Waldenström macroglobulinemia (WM) is a rare indolent B-cell lymphoma that most commonly occurs in older white men.
The pathophysiologic hallmark is monoclonal immunoglobulin M (IgM) production by a malignant lymphoplasmacytic clone that resides in the bone marrow.
Diagnosis is most often made following an incidental finding of an IgM paraprotein on a blood test.
Anemia (due to marrow infiltration), fatigue, and anorexia are the most common clinical features.
Lymphadenopathy, splenomegaly, and hyperviscosity (which can lead to skin and mucosal bleeding, thrombosis, retinopathy with visual disturbances, and neurologic symptoms such as headache, dizziness, and vertigo) are uncommon, but they are important clinical manifestations that require urgent treatment.
WM is incurable but median overall survival is long (approximately 8 years based on US data). Goals of treatment are to reduce symptoms, improve quality of life, and prolong survival. Treatment options include observation (for asymptomatic patients), plasmapheresis, chemotherapy, and targeted therapies (e.g., rituximab and ibrutinib).
There is no standard of care, mainly due to a lack of randomized trials in WM. Participation in clinical trials is recommended where possible.
Waldenström lymphoma can transform to aggressive high-grade lymphomas in around 5% of cases.
Waldenström macroglobulinemia (WM) is an indolent lymphoma in which malignant monoclonal plasmacytoid lymphocytes infiltrate bone marrow and visceral organs, and hypersecrete a monoclonal immunoglobulin M (IgM). It is often diagnosed following an incidental finding of an IgM paraprotein on a blood test.
Clinical manifestations are most commonly related to bone marrow infiltration by malignant cells (e.g., anemia, thrombocytopenia, pancytopenia). Clinical manifestations are less commonly related to organ infiltration (e.g., splenomegaly, hepatomegaly, and lymphadenopathy) and abnormal IgM properties and/or organ deposition (e.g., hyperviscosity syndrome, polyneuropathy, cryoglobulinemia, cold agglutinin hemolytic anemia, bleeding from the nose and gums, purpura, thrombosis [e.g., stroke, angina, myocardial infarction, pulmonary embolism, deep vein thrombosis], and kidney disease). The most common presenting symptoms are fatigue and anorexia. In contrast with multiple myeloma, bone lesions are not a feature of WM.
History and exam
Key diagnostic factors
- age >70 years
- male sex
- white ancestry
Other diagnostic factors
- history of IgM monoclonal gammopathy of undetermined significance (MGUS)
- family history of B-cell lymphoma or myeloma
- family history of WM with or without monoclonal gammopathy of undetermined significance (MGUS) and multiple myeloma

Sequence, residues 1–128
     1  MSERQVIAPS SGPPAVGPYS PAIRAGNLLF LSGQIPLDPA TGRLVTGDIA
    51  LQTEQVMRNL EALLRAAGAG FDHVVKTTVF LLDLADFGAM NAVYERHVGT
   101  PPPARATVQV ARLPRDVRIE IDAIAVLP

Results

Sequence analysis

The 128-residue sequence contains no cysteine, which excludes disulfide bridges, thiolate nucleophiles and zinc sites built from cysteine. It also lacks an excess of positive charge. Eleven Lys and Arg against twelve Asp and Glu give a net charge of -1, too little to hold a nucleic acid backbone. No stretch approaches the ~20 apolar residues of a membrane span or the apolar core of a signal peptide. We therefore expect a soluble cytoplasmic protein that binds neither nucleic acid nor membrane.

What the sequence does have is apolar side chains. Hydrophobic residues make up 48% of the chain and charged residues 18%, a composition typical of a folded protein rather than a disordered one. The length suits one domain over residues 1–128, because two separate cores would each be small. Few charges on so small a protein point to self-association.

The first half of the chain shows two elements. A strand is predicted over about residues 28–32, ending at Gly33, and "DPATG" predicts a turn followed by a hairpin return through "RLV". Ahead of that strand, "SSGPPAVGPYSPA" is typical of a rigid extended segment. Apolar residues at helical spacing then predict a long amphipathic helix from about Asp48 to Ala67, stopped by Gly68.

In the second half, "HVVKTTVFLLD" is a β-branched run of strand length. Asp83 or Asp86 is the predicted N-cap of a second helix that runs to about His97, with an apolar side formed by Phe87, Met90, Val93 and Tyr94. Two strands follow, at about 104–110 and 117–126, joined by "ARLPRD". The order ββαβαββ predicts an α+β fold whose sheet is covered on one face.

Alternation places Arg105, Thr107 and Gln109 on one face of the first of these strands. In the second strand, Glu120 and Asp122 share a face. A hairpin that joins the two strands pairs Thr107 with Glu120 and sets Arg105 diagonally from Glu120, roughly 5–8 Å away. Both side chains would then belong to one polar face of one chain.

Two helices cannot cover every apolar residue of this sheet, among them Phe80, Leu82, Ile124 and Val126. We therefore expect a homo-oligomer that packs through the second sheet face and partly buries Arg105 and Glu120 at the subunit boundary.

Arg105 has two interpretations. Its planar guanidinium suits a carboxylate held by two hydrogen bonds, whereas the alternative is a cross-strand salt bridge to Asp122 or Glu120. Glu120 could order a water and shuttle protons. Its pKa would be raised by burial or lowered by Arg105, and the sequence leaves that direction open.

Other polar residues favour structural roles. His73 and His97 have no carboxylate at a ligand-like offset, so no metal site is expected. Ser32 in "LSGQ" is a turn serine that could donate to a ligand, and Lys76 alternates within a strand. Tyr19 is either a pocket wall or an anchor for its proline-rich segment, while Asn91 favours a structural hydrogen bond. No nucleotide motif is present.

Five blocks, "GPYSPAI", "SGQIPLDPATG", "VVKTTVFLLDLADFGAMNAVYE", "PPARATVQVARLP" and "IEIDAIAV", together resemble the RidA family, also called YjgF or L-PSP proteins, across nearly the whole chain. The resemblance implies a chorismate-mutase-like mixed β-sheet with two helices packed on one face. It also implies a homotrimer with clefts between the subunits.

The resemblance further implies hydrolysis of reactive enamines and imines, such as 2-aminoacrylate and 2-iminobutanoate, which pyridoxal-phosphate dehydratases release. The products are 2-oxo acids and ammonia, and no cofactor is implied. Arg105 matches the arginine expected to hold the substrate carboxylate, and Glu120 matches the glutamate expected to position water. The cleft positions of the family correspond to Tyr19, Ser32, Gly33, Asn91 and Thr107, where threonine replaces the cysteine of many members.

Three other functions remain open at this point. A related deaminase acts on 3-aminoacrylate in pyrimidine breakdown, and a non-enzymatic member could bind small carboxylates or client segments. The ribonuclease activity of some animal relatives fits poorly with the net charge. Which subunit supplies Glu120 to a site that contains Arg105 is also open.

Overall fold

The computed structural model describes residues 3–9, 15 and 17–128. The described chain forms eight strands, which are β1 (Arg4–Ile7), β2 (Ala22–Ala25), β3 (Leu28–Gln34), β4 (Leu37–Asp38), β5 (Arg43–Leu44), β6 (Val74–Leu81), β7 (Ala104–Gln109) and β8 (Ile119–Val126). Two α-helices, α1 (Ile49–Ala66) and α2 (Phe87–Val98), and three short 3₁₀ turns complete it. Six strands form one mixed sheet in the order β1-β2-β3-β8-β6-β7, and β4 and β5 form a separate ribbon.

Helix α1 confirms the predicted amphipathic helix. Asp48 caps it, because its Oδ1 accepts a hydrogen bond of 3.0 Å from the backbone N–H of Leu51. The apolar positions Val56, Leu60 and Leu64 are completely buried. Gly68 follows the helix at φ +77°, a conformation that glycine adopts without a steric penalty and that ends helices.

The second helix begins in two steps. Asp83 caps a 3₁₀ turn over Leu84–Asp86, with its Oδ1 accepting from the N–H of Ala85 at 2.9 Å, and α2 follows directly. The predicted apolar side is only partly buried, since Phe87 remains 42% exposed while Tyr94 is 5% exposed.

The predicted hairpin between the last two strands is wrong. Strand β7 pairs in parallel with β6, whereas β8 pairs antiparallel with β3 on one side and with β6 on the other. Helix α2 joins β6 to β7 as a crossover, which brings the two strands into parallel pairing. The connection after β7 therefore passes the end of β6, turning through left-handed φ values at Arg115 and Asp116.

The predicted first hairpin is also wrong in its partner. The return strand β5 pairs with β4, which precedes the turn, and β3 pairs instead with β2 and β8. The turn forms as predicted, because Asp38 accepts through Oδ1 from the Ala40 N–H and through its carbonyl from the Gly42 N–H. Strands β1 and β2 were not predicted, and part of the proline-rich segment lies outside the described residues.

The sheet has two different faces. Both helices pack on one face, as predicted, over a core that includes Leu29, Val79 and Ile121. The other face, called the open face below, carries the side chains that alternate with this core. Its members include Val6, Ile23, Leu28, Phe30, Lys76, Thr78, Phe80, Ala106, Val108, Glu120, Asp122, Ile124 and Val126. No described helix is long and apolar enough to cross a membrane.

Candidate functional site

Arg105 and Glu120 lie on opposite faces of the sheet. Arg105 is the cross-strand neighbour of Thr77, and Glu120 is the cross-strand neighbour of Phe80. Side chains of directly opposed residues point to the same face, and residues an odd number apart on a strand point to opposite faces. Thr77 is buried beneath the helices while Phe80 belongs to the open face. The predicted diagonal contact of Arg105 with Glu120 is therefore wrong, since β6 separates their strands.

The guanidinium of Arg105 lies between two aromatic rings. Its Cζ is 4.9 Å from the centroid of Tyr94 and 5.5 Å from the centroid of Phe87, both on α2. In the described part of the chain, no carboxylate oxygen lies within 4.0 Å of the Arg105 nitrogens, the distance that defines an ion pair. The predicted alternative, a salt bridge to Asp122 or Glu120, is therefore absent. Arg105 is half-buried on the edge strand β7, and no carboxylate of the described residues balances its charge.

- peripheral neuropathy
- weight loss
- Raynaud phenomenon
- IgM component monoclonal gammopathy of undetermined significance (MGUS)
- family history of B-cell lymphoproliferative disease or multiple myeloma
- family history of WM
- hepatitis C virus (HCV)
1st investigations to order
- CBC with differential
- hematinic test (iron, vitamin B12, and folate)
- renal function panel
- high-resolution serum protein electrophoresis (SPEP) with immunofixation
- high-resolution urine protein electrophoresis (UPEP) and immunofixation
- serum free light chains
- cold agglutinins and cryoglobulins
- lactate dehydrogenase
- beta-2 microglobulin
- serum albumin
- relative serum viscosity
- bone marrow biopsy
- CT chest, abdomen, and pelvis
Investigations to consider
- lymph node biopsy
- 18-F-deoxyglucose (18F-FDG) PET/CT chest, abdomen, and pelvis
- quantitative immunoglobulins
- antimyelin-associated glycoprotein (MAG) antibodies
- antisulfatide IgM antibodies
- fat pad biopsy
- prothrombin time (PT) and activated partial thromboplastin time (APTT)
- viral serology (hepatitis B and C, and HIV)
- genetic mutation testing
symptomatic with low tumor burden
symptomatic with high tumor burden
responders to initial rituximab-containing treatment
relapse or refractory disease
Guy Pratt, MD, FRCP, FRCPath
University Hospitals Birmingham NHS Foundation Trust
Institute of Immunology and Immunotherapy
College of Medical and Dental Sciences
University of Birmingham
GP has received honoraria for speaking, advisory board memberships, and travel support from Janssen, Celgene, Takeda, Binding Site Ltd, and Amgen.
Dr Guy Pratt wishes to gratefully acknowledge Dr Boris Kobrinsky and Dr Kenneth Hymes, the previous contributors to this topic.
BK and KH declare that they have no competing interests.
Shaji Kumar, MD
Department of Hematology
SK declares that he has no competing interests.
Madhav Dhodapkar, MD
Professor of Medicine
Chief, Section of Hematology
Department of Internal Medicine
Yale University School of Medicine
MD declares that he has no competing interests.
Xavier Leleu, MD, PhD
Instructor in Hematology
Department of Hematology
Hopital Huriez CHRU
XL has received lecture fees and research funding from Janssen-Cilag, Celgene, Chugai, Amgen, Novartis, Mundipharma, and Roche. XL is an author of a number of references cited in this topic.
Shayna Sarosiek, MD
Harvard Medical SchoolBostonUSA
SS has received research and consulting funding from BeiGene and ADC Therapeutics.
- Multiple myeloma (MM)
- Low-grade B-cell lymphomas (e.g., follicular lymphoma)
- Chronic lymphocytic leukemia (CLL)
- NCCN clinical practice guidelines in oncology: Waldenström's macroglobulinemia/lymphoplasmacytic lymphoma
- NCCN clinical practice guidelines in oncology: hematopoietic cell transplantation (HCT)
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